Becoming a teenager is an awesome feeling. You feel like you are nearing the age where you can live on your own and be free. At sixteen, you are still not quite ready to make the leap to full independence but in most states you have reached the legal age to drive. That is a major milestone that can give you the feeling of freedom- at least when you are in the car.
While driving on your own is a great experience it is also a huge responsibility. Every time you get in a car and head out on to the roads you are in a situation where safety must be priority to make sure you do not put yourself or other passengers in harm’s way. We don’t want to sound like your parents. No nagging here. We are just looking out for your best interests and that means being honest about the ways that you can drive.
New drivers make the same few mistakes so if you know about them in advance you can steer clear of them (pardon the pun) and make sure you do not have to deal with big consequences. The five most common teen driving mistakes, the consequences of making them, and the ways to avoid them are:
- Driving while distracted
- Getting behind the wheel while sleepy
- Not driving defensively
- Driving while intoxicated
Driving while distracted
It is very easy nowadays to be distracted at any moment. Distractions while driving are a recipe for disaster. The consequences can be everything from scaring the daylights out of yourself and your passengers, or getting a ticket, up to actually crashing your car and sustaining injuries. Not to mention the unthinkable- causing a death. A car is tons of metal and steel and nothing to be played around with. To make sure you are not distracted while driving put your cell phone on silent, not vibrate, and put it in your bag or pocket out of your sight. It’s just human nature if your phone vibrates, rings or flashes to look at it. You can try to leave it on audible or visual alert and resist the urge but you will probably be unable to if it alerts more than one time. Just remove the temptation. Also, eliminate other distractions such as loud music and put bags or anything else you might be tempted to look at in the back seat or trunk.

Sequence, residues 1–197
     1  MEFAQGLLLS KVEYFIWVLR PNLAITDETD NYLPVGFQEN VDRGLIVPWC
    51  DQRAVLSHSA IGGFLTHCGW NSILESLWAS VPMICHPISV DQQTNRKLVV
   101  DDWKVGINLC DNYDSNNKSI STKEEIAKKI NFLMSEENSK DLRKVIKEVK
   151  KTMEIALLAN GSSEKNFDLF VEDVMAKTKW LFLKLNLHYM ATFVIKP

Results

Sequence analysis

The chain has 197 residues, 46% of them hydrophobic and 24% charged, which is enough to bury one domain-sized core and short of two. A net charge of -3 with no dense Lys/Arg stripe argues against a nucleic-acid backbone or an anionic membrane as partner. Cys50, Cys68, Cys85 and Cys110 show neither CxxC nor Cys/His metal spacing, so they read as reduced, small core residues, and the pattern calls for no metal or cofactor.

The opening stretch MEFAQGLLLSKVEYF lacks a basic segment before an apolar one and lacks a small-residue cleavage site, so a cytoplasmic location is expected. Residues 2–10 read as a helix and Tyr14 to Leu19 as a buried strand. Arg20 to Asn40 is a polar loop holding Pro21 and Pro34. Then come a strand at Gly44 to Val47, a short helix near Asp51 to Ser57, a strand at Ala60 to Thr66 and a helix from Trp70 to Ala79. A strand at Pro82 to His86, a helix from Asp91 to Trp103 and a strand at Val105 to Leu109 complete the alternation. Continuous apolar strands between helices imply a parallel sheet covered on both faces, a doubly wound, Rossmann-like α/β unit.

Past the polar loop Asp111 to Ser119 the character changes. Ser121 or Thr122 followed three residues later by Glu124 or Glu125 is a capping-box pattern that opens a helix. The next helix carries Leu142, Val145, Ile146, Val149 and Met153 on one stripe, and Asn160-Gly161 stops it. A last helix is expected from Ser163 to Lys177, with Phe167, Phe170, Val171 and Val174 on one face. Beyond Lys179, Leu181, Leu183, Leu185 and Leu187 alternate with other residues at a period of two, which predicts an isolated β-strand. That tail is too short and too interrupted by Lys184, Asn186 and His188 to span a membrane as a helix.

Getting behind the wheel while sleepy
Your parents might agree to get a car for you because you are a great student and involved with lots of activities at high school or college. That is excellent. Remember, however, that doing school work is draining to your body and brain. It is better to take a break than to be sorry. The consequences of driving while sleepy could be a fender bender or a bad crash. If you find yourself really tired and you need to drive home or somewhere else do not hesitate to take a nap first.
Not driving defensively
Lots of things can cause crashes. One driver is always more at fault than the other or may be completely at fault. This means you have to be a defensive driver, always keeping your eyes on the road, focusing on how you are driving but also focusing on what other drivers are doing too. Lots of things can keep you from driving defensively like novice driving skills and a car full of friends. The consequences of not driving defensively can be near accidents, traffic tickets, damages to your car, or a terrible crash. You can avoid this by taking a defensive driving class at an online traffic school. You will have to take something like this if you ever get in a car crash or get a speeding ticket, so avoid the worse by being proactive and doing it in advance so you never get the ticket or have the crash in the first place.
Driving while intoxicated
Without question, drinking and driving are a toxic twosome. This is one you want to avoid completely. The consequences can be a crash or an embarrassing legal situation brought on by a DUI. This can ruin your academic, social and professional reputation. The way to avoid this is simple: If you have been drinking, hitch a ride or take a cab.
So, for all of you new and even experienced drivers, drive safely and be aware of your surroundings while driving. You do not want to face grave consequences for a careless mistake.
Created by NTSI, enhancing individual responsibility one attitude at a time.